MP COLUMN: We can lead world on cancer diagnosis – and treatments

John Hayes with Joanna Hillier
John Hayes with Joanna Hillier
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In the year 1937 the great America composer George Gershwin became ill, suffering from unbearably painful headaches and severe dizziness. Doctors initially suspected he was fatigued and so were shocked to discover a previously undetected brain tumour – one that an emergency operation revealed to be the size of a grapefruit. Gershwin died from the tumour, at the tender age of just 38.

I’ve pledged my support by becoming a Patron of their group and by taking part in their ‘Wear a Hat’ campaign

He was not unique; today, brain tumours kill more people under the age of 40 than any other cancer. With over 3,600 people dying each year from a brain tumour it is essential that we do more to raise awareness and improve diagnosis.

I was inspired by my recent meeting with Joanna Hillier from Surfleet; Joanna suffered from a brain tumour herself and following her brave recovery has decided to help others who went through the same torment by helping to set up Lincolnshire Brain Tumour Support Group, who help patients, families and friends of those diagnosed with this dreadful condition.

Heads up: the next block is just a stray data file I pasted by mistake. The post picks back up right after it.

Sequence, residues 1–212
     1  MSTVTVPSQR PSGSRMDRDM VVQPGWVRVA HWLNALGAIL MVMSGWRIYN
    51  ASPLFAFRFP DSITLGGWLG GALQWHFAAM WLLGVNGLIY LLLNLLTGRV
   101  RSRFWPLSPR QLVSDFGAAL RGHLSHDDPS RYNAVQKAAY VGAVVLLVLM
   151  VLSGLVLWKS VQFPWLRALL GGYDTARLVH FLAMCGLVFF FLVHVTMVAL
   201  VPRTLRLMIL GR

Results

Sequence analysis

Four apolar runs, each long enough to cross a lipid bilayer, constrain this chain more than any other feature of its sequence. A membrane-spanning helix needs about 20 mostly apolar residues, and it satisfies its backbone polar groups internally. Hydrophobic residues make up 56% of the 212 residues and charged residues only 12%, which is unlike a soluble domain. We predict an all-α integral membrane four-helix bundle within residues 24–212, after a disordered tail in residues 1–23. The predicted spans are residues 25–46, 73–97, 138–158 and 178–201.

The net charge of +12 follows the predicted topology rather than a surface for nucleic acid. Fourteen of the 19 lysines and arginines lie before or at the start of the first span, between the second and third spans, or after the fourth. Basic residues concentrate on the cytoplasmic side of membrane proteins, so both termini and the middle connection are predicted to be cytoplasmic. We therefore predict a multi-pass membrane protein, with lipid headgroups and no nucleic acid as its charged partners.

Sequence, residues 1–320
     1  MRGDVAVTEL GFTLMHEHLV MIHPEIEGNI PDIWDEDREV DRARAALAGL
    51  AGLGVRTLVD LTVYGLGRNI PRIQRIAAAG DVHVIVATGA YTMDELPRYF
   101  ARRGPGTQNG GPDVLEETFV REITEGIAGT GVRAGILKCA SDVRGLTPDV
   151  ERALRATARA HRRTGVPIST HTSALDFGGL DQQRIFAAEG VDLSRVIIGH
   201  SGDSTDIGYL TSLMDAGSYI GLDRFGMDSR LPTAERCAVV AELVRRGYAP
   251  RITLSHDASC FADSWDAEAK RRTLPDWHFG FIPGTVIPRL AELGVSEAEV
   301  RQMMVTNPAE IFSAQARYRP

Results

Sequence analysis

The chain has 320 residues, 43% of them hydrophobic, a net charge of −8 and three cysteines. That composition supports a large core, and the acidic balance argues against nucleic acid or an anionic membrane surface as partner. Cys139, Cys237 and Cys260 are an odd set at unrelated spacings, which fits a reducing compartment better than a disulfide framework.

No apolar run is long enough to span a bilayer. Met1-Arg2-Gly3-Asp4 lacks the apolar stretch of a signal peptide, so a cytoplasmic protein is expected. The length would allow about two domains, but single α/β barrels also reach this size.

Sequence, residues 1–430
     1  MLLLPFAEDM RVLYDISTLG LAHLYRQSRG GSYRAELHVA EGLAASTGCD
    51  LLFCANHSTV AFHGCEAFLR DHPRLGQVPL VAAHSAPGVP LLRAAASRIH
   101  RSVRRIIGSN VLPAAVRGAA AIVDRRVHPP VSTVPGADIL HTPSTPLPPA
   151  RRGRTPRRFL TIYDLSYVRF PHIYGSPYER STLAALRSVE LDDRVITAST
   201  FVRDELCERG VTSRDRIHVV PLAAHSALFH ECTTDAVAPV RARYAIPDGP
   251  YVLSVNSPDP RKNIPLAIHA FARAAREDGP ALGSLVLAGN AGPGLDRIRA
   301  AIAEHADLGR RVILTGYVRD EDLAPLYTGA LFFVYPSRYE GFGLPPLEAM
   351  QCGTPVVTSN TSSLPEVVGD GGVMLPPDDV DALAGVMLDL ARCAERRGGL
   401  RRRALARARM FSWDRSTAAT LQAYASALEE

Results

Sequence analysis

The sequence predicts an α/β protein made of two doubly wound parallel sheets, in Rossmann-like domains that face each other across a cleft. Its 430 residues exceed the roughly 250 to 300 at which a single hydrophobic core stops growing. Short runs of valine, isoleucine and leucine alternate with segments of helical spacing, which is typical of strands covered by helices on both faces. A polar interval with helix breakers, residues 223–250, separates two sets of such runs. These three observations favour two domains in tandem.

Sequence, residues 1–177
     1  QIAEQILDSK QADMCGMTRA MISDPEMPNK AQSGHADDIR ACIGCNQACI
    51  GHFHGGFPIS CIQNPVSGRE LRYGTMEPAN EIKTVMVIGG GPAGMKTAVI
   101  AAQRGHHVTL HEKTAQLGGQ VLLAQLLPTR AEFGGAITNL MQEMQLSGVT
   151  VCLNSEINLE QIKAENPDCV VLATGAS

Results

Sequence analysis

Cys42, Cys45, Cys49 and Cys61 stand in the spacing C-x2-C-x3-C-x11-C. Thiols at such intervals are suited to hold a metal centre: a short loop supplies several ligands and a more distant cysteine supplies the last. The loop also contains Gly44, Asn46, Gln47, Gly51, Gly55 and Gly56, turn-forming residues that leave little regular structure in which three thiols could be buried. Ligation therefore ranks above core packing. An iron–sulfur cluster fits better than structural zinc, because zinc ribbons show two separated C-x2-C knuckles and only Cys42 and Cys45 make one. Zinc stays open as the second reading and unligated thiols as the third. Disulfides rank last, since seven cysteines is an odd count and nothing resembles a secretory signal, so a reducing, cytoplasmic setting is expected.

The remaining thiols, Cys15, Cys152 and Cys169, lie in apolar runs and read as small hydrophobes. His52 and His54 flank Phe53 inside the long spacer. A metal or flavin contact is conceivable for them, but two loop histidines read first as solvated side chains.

I’ve pledged my support by becoming a Patron of their group and by taking part in their ‘Wear a Hat’ campaign. I urge others to do what they can – as we can all help raise awareness of this awful cancer.

Of course, Government too plays a key role in the fight against cancer; since 2010 NHS spending has gone up by £7 billion (spending which will rise by a further £8 billion the next five years) including investment in an extra £1 billion which has already helped more than 72,000 people access the drugs they need. Medical science is improving all the time, and so we can focus on new treatments which offer the greatest benefit to patients.

The Department of Health has spent over £450 million in the past four years working to achieve earlier diagnosis of cancer, including helping GPs to access Magnetic Resonance Imaging scans which can detect brain cancer and the latest technology such as Proton Beam Therapies. Increased support has also gone to GPs so they can help recognise the signs of tumours in children, as early referral to specialists is vital.

Five years ago Britain had some of the worst cancer mortality rates in Europe, but survival rates are generally improving and the Government is committed to doing even more to help cancer patients and their families. Last year, the NHS treated 35,000 more people for cancer and GPs referred nearly half a million more patients to see a cancer specialist than in 2009. Building on this I want to see further improvement in what can be done for those with brain tumours.

Our ambition should be no less than to be the best country in Europe for cancer diagnosis and treatment – and with the world-class research that happens in the UK, alongside the dedicated doctors and nurses on the NHS frontline, we can lead the world.


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